What Tank Size Do Plakat Betta Require?

Plakats are a good choice for a community tank of 20 gallons in size or more. They can also be kept in a minimum tank size of 5-gallon, if raised alone. They, like any other Betta, need at least a gallon of space per every inch of their bodies. Males should never be kept in a small tank together with other bettas due to their aggressive tendencies.

How Often Should I Clean My Betta's Tank?

Bettas are not big dirt eaters by any stretch of the imagination, this is probably a good thing as they would only be able to eat a little bit at a time and your poor Betta fish would probably take forever to get through the whole tank! However, this doesn't mean that their tank can become dirty without consequence.

A build-up of organic waste, uneaten food and decaying plant matter will lead to water quality problems. Weekly water changes are recommended for tanks housing your betta fish. If you don't have the time or inclination to do weekly water changes then purchase an Aquarium Vacuum Cleaner.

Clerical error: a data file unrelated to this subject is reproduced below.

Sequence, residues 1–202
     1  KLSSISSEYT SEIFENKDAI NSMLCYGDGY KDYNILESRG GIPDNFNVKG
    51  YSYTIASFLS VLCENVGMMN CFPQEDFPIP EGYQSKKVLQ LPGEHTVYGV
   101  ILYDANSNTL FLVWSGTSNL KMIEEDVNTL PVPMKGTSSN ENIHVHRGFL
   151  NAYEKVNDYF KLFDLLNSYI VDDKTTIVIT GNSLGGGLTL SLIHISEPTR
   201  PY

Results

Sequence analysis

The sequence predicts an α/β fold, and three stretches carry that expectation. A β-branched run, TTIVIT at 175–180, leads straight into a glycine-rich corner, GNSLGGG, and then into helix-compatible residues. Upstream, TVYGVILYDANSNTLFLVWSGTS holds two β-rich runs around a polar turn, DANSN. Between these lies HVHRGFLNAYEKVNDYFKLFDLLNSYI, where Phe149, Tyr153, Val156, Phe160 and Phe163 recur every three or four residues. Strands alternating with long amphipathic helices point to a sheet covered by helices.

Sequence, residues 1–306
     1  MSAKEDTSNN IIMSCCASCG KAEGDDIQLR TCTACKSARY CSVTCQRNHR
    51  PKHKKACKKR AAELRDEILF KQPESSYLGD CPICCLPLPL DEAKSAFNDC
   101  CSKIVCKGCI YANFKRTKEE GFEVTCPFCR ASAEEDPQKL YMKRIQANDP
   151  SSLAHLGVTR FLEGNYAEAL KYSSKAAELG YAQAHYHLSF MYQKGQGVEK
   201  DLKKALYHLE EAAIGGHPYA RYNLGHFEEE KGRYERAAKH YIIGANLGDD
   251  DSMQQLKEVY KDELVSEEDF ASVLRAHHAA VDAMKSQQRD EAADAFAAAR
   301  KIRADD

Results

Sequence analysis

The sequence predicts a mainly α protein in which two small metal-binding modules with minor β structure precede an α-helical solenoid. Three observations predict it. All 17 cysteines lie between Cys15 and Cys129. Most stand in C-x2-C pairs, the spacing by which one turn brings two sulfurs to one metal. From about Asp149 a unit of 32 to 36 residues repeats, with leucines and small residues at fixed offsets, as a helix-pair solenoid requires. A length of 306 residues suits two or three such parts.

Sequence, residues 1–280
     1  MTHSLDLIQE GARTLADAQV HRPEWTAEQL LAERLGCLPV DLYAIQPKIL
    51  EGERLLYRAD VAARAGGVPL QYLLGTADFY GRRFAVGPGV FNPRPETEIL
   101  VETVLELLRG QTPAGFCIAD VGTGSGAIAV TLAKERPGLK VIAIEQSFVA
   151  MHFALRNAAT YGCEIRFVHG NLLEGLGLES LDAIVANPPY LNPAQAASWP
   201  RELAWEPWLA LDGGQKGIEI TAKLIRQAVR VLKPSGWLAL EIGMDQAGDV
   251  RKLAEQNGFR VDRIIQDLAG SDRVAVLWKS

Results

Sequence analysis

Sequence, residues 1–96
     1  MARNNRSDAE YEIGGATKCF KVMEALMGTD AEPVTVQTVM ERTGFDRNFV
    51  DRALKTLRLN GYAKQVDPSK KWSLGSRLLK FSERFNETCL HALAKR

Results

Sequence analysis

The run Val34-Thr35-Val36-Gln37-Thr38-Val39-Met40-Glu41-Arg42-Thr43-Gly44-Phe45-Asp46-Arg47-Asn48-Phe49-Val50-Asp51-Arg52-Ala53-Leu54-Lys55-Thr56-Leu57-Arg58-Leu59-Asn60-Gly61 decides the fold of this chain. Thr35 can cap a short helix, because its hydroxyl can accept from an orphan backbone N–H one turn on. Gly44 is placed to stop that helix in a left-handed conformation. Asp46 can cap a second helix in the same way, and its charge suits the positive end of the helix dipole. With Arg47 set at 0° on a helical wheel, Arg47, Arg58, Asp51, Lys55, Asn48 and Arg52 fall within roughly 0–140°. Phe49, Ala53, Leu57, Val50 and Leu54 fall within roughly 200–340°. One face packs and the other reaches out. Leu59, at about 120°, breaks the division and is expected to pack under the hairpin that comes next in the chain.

Plakat Betta Tank Decor

Plakats enjoy exploring their surroundings, so more decorations is always better than less. Decorating their tank helps them feel secure and at home. Decorating the plakat betta tank is similar to decorating any other betta tanks. You want to include several hiding places and roots for the fish to explore, swim through, or rest under. Just like their wild counterparts, plakats enjoy spending time among dense vegetation.

They will also love darting in and out of paper reed tubes if you provide them. You'll also want several large, smooth rocks or driftwood branches for your plakat betta to rub against. This is important because it will help keep their fins in good condition and keep them healthy. Avoid anything with sharp edges as it can tear up their fins.

What Plants Should Be Used for Plakat Betta?

Plakats are not picky about their plants. They will be happy with most live or silk plants, but avoid plastic plants as they can gather bacteria. Also, make sure to decorate the tank with a lot of hiding places and shelters for your plakat betta. You don't want them to feel insecure in their tank. Some good plants are java fern, anubias, water wisteria, hornwort, milfoil, and cabomba.


Pet owners love to keep their Betta fish with other species, but this can prove fatal for the other fish. If you want to keep your plakat betta in a community tank, make sure that none of the fish are nippy or aggressive towards bettas.